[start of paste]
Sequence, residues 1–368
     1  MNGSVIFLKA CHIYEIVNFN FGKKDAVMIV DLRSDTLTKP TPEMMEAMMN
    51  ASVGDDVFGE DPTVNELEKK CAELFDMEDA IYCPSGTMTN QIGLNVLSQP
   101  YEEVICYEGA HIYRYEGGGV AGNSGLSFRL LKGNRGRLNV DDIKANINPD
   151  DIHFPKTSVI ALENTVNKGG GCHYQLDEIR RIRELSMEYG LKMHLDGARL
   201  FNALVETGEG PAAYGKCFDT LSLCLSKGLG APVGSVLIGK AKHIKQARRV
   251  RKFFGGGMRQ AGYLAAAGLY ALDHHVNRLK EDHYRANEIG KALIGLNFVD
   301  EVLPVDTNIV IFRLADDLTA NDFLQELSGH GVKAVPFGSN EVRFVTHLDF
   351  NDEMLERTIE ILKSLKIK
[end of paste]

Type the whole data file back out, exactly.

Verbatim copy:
Sequence, residues 1–368
     1  MNGSVIFLKA CHIYEIVNFN FGKKDAVMIV DLRSDTLTKP TPEMMEAMMN
    51  ASVGDDVFGE DPTVNELEKK CAELFDMEDA IYCPSGTMTN QIGLNVLSQP
   101  YEEVICYEGA HIYRYEGGGV AGNSGLSFRL LKGNRGRLNV DDIKANINPD
   151  DIHFPKTSVI ALENTVNKGG GCHYQLDEIR RIRELSMEYG LKMHLDGARL
   201  FNALVETGEG PAAYGKCFDT LSLCLSKGLG APVGSVLIGK AKHIKQARRV
   251  RKFFGGGMRQ AGYLAAAGLY ALDHHVNRLK EDHYRANEIG KALIGLNFVD
   301  EVLPVDTNIV IFRLADDLTA NDFLQELSGH GVKAVPFGSN EVRFVTHLDF
   351  NDEMLERTIE ILKSLKIK